Generating Deal Flow

Historically, private equity investors, particularly angels, found their deals using such informal means as referral from family and personal contacts (e.g., friends, associates, and so on) or referrals from professional service providers (e.g., attorney, accountant, or investment advisers); or they may have received an unsolicited contact from a nonfamily representative of a company seeking financing. If this were true today, and these channels were the only means available, entrepreneurs would be limited to investor development approaches, such as networking with friends, family, associates, and colleagues of wealthy individuals; and cultivating referral sources among advisers to the wealthy, such as financial advisers, investment bankers, doctors, securities attorneys, accountants, tax advisers, certified appraisers, entrepreneurial finance consultants, commercial bankers, and preferred SBA lenders. In addition, entrepreneurs would rely on cold calling leads they generate as investment prospects to pitch their deal, an approach our research suggests may be successful less than 10 percent of the time. And desperate entrepreneurs also might be tempted to place classified advertisements soliciting capital, an error that could lead to sanctions and penalties.

However, based on our research, we find that investors today are shifting from informal to more formal deal flow development. And the reason for this is clear. In our earlier chapter titled "A Strategy That Works," we refer to the concept of the funnel, suggesting that entrepreneurs need a pool of investor prospects, perhaps three to four times as many potential investors believed to be necessary in order to complete their financing round. Similarly, investors need to generate significant deal flow, more so than is possible through informal means, to discover the few promising ventures that merit capital investment. Herein lies the opportunity for entrepreneurs seeking investors—each of whom cherishes privacy—to understand the channels used by investors to find their deals, and understand pathways best designed to identify and locate those qualified investors ready to invest.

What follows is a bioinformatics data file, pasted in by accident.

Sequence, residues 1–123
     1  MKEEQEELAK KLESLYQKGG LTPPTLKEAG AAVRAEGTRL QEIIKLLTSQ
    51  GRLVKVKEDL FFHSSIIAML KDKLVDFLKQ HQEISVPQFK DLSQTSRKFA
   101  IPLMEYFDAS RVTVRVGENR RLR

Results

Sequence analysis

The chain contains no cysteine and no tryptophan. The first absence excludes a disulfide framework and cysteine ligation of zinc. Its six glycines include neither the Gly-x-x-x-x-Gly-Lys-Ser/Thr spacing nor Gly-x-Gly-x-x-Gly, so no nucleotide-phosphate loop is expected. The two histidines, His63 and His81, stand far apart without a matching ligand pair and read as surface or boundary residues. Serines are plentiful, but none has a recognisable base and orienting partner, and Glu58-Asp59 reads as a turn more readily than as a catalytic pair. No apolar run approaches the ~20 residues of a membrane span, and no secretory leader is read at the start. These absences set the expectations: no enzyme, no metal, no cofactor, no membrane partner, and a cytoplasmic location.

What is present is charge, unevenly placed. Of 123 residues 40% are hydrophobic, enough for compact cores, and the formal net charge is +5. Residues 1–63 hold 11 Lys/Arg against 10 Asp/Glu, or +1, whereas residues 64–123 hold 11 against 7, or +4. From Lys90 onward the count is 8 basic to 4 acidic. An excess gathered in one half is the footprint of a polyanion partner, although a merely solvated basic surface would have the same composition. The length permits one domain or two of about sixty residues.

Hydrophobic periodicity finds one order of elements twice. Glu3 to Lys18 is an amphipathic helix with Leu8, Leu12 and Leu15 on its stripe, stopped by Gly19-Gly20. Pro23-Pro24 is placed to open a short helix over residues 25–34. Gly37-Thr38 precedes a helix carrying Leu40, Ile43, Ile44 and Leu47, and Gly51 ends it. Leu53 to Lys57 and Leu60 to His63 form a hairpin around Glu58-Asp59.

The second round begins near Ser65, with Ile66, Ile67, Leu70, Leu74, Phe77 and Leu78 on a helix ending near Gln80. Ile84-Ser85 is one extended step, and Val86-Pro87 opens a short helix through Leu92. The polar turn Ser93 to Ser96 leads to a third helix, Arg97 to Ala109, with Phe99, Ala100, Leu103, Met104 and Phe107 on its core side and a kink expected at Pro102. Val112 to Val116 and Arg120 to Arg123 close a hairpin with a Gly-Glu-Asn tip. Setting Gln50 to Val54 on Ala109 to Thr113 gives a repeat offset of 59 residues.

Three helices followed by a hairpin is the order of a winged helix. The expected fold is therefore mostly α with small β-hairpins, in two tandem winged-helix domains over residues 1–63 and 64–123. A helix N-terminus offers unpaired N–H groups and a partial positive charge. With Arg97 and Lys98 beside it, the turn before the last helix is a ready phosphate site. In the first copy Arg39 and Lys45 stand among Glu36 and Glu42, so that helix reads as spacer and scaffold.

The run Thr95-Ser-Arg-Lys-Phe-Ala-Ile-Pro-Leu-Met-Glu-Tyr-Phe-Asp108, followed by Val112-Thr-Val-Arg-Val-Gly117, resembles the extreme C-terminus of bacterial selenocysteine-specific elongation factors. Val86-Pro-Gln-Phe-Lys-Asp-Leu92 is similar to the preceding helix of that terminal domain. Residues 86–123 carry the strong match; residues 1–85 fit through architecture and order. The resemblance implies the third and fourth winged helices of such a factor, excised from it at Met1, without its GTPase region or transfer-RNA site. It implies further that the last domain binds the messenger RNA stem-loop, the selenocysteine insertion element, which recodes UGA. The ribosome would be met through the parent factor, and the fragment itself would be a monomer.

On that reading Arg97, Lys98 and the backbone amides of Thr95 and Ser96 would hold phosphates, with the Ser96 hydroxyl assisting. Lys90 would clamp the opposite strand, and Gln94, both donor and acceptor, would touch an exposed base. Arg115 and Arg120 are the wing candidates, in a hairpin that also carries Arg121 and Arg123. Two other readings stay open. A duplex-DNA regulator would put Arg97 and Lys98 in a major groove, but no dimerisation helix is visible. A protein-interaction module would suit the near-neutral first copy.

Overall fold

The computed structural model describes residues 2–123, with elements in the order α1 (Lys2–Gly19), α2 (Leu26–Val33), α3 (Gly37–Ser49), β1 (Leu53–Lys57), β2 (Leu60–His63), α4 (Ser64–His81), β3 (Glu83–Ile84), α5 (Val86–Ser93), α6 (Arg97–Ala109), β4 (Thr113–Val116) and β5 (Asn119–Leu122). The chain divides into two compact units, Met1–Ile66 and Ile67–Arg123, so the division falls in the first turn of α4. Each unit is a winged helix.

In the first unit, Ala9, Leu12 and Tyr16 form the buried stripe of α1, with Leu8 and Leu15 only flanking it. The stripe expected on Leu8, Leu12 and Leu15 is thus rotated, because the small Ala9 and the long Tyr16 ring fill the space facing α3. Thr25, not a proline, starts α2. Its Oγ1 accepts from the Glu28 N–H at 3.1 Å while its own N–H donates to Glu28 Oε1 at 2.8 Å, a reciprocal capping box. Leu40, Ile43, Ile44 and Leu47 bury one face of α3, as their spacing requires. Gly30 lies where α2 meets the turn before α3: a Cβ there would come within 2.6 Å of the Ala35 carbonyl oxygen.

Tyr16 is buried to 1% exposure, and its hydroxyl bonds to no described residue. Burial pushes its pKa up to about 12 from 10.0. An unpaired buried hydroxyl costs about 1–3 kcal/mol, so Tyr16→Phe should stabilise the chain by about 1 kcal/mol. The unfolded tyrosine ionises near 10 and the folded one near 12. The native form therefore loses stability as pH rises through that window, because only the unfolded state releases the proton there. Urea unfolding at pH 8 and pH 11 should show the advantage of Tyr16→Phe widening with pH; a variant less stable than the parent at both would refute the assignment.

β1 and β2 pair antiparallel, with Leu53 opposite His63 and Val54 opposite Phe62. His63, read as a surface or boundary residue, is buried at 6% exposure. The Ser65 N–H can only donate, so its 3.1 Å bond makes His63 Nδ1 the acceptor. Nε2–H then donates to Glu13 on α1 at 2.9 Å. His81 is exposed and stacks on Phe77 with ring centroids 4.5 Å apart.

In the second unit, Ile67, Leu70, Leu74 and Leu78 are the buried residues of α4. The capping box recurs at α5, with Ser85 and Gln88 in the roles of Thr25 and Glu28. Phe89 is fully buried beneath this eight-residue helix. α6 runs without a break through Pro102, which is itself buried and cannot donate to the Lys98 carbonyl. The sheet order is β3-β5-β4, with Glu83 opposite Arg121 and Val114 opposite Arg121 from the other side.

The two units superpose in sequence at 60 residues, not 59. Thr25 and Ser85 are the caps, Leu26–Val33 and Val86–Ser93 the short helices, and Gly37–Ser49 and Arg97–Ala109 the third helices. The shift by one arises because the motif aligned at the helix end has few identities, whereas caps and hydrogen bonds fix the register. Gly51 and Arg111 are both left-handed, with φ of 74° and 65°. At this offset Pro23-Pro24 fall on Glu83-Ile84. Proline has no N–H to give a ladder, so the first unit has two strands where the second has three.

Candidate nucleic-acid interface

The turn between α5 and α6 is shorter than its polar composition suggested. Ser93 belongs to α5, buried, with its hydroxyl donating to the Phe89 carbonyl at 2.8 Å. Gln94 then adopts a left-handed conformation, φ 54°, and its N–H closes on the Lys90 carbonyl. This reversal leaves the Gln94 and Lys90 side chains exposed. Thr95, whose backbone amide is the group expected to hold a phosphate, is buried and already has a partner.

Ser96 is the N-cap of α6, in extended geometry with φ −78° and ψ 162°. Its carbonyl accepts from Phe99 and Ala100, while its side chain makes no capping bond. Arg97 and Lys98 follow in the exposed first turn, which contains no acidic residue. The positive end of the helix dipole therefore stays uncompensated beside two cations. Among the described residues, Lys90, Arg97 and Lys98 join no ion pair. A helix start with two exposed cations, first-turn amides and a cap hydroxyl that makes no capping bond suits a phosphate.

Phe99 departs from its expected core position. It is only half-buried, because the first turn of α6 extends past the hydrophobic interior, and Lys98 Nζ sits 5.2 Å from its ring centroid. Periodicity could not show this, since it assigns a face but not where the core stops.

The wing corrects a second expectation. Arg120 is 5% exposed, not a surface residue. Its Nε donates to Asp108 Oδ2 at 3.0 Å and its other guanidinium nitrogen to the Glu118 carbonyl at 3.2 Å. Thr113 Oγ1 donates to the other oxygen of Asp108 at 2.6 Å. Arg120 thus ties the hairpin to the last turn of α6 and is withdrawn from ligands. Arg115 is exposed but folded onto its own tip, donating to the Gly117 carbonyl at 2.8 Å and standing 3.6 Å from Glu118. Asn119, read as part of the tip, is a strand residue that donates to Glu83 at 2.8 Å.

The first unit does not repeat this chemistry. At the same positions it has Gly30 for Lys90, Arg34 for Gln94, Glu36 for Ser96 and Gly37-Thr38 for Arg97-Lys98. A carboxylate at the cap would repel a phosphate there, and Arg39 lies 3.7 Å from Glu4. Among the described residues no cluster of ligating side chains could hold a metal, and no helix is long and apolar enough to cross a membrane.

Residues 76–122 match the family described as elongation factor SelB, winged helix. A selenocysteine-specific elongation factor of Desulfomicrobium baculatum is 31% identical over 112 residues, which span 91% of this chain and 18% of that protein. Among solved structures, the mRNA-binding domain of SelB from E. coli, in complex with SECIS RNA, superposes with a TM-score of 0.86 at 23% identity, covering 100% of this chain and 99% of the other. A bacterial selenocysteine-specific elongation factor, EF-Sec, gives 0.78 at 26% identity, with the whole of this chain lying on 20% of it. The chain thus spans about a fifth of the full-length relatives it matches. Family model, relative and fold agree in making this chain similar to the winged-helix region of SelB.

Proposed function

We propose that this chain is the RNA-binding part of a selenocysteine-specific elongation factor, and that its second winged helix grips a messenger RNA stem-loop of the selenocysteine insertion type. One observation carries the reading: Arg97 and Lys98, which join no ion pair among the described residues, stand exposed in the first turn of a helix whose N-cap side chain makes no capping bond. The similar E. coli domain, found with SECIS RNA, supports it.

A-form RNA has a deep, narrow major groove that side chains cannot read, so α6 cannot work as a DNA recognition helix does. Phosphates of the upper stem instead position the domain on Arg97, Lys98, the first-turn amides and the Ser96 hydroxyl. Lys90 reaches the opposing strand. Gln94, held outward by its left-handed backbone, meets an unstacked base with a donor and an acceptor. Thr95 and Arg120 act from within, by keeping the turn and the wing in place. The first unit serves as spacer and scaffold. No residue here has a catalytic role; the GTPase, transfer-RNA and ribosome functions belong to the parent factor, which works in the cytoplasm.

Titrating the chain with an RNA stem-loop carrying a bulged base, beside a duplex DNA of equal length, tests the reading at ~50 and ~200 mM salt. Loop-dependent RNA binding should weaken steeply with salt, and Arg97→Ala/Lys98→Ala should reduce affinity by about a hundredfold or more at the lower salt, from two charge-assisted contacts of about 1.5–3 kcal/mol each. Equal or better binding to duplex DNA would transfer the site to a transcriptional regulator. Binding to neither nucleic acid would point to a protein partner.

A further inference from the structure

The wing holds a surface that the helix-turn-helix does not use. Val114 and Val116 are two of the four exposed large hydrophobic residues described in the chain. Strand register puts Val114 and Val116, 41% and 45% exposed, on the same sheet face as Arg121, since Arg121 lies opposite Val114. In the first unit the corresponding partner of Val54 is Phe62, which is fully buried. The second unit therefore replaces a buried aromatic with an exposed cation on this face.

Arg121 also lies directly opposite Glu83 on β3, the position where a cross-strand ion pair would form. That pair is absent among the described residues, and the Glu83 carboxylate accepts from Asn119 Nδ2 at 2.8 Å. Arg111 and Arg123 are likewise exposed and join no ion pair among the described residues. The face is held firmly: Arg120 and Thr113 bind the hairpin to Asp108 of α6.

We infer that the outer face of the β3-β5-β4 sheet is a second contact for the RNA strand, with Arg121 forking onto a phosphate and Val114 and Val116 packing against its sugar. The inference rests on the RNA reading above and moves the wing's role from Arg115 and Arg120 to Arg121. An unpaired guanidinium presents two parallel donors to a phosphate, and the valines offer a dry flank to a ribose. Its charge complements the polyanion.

The more formal strategies that investors use to generate deal flow we discussed earlier. These include listing in directories, printed and software-

based; participating in venture forums; joining venture capital clubs; participating in online and offline investor networks; participating in an advisory capacity for incubators; and becoming involved in public relations-based approaches, for example, publishing articles on angel investing, contributing to research studies, and offering interviews for business articles on venture capital.

A review of the major directories, such as Pratt's and Galante's, will surface institutional and a few smaller groups of private investors, for example "store-front" venture capital firms. Also, investors join associations and then become listed in regional association directories, like the one from The New England Venture Capital Association.

Most directories are available in software form, easing the search for investors whose investment criteria fit the entrepreneurs' deals.